Tuesday, March 22, 2016

Diorama MacGyver? - 3.22 #sol16 Story Challenge

Before the Internet, there were dioramas. (For all I know, there may still be dioramas.) Dioramas, though, have largely ceded territory to new media as this post by Adam Schoenbart reminded me this morning -- thoughts that triggered a memory from elementary school meriting a slice.

My family had scooped me out of school to visit grandparents and, as I recall, the teacher charged me with creating a diorama to capture my understanding of what we would be reading together in class, which I'd be missing. The text under our teenybopper microscopes would be an illustrated, abridged edition of The Count of Monte Cristo by Alexandre Dumas.

I recall my grandma setting me up with a shoe box, plush carpet samples, scissors, glue, and a stack of magazines. After reading, I proceeded to recreate a scene, a sort of 3D collage, in the count's opulent lodging as he plotted against those who had betrayed him. (Caveat: I used the Internet just now to refresh my memory of the novel's plot.) However, since elementary me was operating in the pre-Internet era, I actually had to pack the finished project in my suitcase to carry back to school to share with my teacher and classmates.

Through the haze of years, I remember this whole experience fondly. I enjoyed reading; I had a good time making something; I felt proud of my creation. (I cleverly used cut-up straws stuck into the thick carpet to mount the count and one of his benefactors! I was diorama MacGyver!)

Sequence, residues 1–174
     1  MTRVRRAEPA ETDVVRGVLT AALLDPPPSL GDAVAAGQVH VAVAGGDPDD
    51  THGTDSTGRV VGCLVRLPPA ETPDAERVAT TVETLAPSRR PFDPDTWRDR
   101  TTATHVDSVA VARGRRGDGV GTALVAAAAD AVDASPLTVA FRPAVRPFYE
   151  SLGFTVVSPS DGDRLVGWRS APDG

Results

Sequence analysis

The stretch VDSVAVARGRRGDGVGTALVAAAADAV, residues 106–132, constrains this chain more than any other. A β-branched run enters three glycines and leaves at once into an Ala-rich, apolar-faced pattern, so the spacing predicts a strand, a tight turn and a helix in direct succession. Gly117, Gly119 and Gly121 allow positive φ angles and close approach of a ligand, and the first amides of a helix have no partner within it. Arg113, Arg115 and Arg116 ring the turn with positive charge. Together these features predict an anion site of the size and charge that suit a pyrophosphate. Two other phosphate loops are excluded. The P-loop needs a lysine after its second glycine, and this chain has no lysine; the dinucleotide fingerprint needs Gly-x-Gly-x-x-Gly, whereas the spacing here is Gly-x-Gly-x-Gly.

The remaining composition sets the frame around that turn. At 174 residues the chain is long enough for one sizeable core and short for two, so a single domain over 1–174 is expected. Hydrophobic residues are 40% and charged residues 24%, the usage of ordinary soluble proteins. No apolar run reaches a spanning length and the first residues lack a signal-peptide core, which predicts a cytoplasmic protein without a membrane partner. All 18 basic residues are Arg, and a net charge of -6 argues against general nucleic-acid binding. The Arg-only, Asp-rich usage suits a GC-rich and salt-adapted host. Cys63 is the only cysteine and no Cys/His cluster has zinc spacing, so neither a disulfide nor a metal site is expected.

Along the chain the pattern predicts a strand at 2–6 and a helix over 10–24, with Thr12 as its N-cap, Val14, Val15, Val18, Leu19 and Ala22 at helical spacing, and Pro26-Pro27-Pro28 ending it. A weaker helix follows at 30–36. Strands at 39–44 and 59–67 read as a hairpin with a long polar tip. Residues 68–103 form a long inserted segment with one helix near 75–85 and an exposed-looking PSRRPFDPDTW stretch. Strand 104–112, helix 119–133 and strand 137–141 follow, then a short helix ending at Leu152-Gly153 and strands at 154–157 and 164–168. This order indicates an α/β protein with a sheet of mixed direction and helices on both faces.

My view now as an English teacher is more muddled. Did the diorama project really do much for my understanding or appreciation of Dumas' text? Was it, rather, a teacher's improvised whack at accountability for a student who was about to duck out from the umbrella of her influence? How does the elephantine presence of the Internet change any of these dynamics nowadays? Is sharing about books via online creations just a diorama analog (one even easier to game thanks to sites like SparkNotes, Schmoop, or YouTube), or does the ability to create, publish, and share on a potentially global scale have a demonstrably different impact?

I wonder what the community of slicers thinks about these questions... I hope you'll share in the comments -- or via diorama, or any other medium you choose.

8 comments:

  1. Ah, dioramas...I still hate to toss shoeboxes into recycling.

    My students recently made book trailers on their iPads. Some of them weren't very good. Few students demonstrated anything beyond basic understanding of the plot and, if we were lucky, mood.

    BUT. There's more to life than literary analysis. The students worked together to come up with a plan and then execute it. They collaborated and brainstormed and overcame obstacles. They planned ahead ("May I go to my locker? I brought extra black sweaters for everyone today.") and yes, they developed their tech skills. In a building where all arts have disappeared from the curriculum, I felt that the trailers were a good use of our time.

    And if we didn't have iPads, I might have had them working on dioramas, for the same reasons.

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    1. "More to life than literary analysis" - a rock-solid BUT. I appreciate the other learning you highlight that stems from, er, project management.